What you’ll need
- A stone or rock
- A journal or notebook, something to write with
- Colored pencils or markers (optional)
Have you ever picked up a rock or a stone and put it in your pocket? Maybe to remind you of a place, or a moment. Maybe to have something to ground you, to hold in your palm during a difficult time. Or maybe just for fun.
Find a rock, or a stone, inside your home. If you don’t have one on hand, look for one on the edge of a driveway, parking lot, street, or path.
Choose a comfortable space where you can let yourself think and feel. A table or another surface nearby where you can set the rock, and see it without touching it, is ideal.
Beginning to notice
Set the stone in front of you, on your table, bed, or counter. If you like, you can draw or sketch the stone in your notebook or journal. You can also write down what you see.
- What color is the stone?
- About how high? How wide?
- How does the surface look? Smooth? Pitted? Bumpy? Glassy? Chalky?
- What does its shape remind you of? A rabbit? A bean? A hill?
- Imagine how the stone will feel in your hand. Heavy? Light? Fragile? Solid? Soft? Rough? Warm or cool?
Connecting with the stone
Now take the stone in your hand.
- How does it feel? Smooth, soft, or rough, bumpy? Cool, cold, or warm?
- How long does it take for the stone to warm up in your hand?
- Is the texture like you thought it might be?
- Is the weight like you anticipated?
Take a few moments to hold the stone, turn it over and over in your hand. Look at it and see what you can observe with your eyes about the stone. Bring it closer to your face if needed.
Do you see any marks, patterns, or variations? What do you notice?
Take the stone up to your nose. If it’s a larger stone, cup it in your hands and bring it right up to the bottom of your nose, and take a long, deep breath in.
What do you smell?
Every stone, every rock, every pebble is unique. Each one has taken a long journey to arrive at where you found it, in the shape and size that it is now. Perhaps a small piece of rock chipped off the side of a mountain, because of an ice wedge, or another rock crashing down on top of it. Over time the chip of rock was washed down into a stream, a rivulet. The water and the ice pushed the small stone against other stones and rocks. Over the years–millions of years–the chip became a smooth stone, a jewel of the earth’s own processes.
The journey of a million year lies in your palm.
You hold the power of the earth in your hand.
You hold the story of the earth in your hand.
Time has made the stone beautiful. Time is making you beautiful. You and the stone are both made of the earth and are being shaped in tiny ways every day. With time and careful attention, you can find the beauty in any rock, or any situation.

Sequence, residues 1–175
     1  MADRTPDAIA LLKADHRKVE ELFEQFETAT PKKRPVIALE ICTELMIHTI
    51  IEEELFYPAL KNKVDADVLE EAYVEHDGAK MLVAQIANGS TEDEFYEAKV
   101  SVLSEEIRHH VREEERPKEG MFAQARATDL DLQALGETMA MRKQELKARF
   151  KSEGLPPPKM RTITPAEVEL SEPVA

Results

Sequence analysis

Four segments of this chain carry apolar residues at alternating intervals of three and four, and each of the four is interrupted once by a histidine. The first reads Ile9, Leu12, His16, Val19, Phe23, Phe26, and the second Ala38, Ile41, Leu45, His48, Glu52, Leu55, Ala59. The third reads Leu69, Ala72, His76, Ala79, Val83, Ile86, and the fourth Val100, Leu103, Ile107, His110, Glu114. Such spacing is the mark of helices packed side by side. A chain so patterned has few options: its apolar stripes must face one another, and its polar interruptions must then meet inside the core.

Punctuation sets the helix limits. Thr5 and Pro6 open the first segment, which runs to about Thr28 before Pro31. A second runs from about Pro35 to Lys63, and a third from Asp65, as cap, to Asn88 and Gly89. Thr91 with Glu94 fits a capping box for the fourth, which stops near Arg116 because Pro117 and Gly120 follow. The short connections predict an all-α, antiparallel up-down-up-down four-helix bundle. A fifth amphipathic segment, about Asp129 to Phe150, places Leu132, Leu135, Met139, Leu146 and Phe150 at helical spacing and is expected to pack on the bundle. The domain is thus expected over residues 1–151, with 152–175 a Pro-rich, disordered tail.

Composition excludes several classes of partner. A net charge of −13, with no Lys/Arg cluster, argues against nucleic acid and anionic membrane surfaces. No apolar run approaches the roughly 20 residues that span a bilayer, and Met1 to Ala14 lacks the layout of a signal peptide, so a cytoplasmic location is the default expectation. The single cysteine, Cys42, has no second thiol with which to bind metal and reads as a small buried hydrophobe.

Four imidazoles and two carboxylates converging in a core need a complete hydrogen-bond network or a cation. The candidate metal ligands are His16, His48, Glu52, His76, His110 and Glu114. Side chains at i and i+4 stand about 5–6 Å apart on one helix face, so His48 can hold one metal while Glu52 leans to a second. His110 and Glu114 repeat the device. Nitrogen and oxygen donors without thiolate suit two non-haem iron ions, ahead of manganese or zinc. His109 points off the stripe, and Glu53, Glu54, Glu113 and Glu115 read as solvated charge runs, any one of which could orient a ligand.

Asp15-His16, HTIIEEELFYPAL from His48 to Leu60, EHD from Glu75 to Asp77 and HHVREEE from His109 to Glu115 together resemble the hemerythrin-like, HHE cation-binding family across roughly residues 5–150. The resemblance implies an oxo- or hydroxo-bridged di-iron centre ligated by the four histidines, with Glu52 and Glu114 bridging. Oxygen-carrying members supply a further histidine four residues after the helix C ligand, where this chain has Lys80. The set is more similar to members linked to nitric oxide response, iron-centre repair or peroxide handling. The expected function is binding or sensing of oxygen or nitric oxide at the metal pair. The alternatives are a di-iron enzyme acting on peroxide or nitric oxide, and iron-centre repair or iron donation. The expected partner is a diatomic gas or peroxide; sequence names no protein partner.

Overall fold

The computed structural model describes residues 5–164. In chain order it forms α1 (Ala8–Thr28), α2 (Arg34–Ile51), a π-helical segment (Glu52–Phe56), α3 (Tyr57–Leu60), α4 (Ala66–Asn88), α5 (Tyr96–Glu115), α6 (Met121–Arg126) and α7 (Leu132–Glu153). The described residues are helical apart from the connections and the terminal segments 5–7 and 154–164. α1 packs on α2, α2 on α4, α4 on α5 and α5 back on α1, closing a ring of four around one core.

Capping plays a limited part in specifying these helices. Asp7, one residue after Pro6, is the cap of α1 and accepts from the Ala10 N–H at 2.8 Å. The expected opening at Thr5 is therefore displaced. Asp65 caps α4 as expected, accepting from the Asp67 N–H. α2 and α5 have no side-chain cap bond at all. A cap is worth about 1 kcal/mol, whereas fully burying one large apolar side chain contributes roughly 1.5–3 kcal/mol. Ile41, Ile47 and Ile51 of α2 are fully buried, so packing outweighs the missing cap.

Hold the stone and imagine its mother–the rock it came from. Was it a mountain? A cliff by the sea, where layers of compressed sediment gradually erode, waiting to be formed once again?
Where have you come from? What is your mother rock? Where are you on your journey? Have you rolled downstream, or been picked up and transported by a bird? Having been seen as precious, have you been scooped up and added to a collection?
Your journey of life is long, varied, rich. The moment you are in now is but one stop along the way. But this moment holds everything–it can hold all the depth of love you will ever know. Take your rock in your hand, and feel your connection with the story of the entire universe. Even though you are living one simple day, holding your rock for only a moment or two, this day holds great importance. You have chosen to give yourself life. You are making room to experience your own breath and spirit.
May you mark this day in your heart with this stone, a simple cairn to remember this experience and point the way along your journey.
Writing is an act of self-empowerment and self-determination. Own your own power as you write. You have no audience other than yourself, unless you choose otherwise.
But journaling can also be more than writing words and sentences. You can use your pen, pencil, or other art supplies to answer these questions any way you want. Shapes, pictures, or colors can all be a way to convey meaning to yourself and others. Often we call this “art.” The arts are simply other ways of communicating what we have found to be particularly meaningful and often beautiful.
The above exercise contains many reflections and questions. Feel free to respond to those in your journal, or start with the questions below.
- Where have you come from?
- What is your mother rock?
- Where are you on your journey?
- Where do you hope to go from here?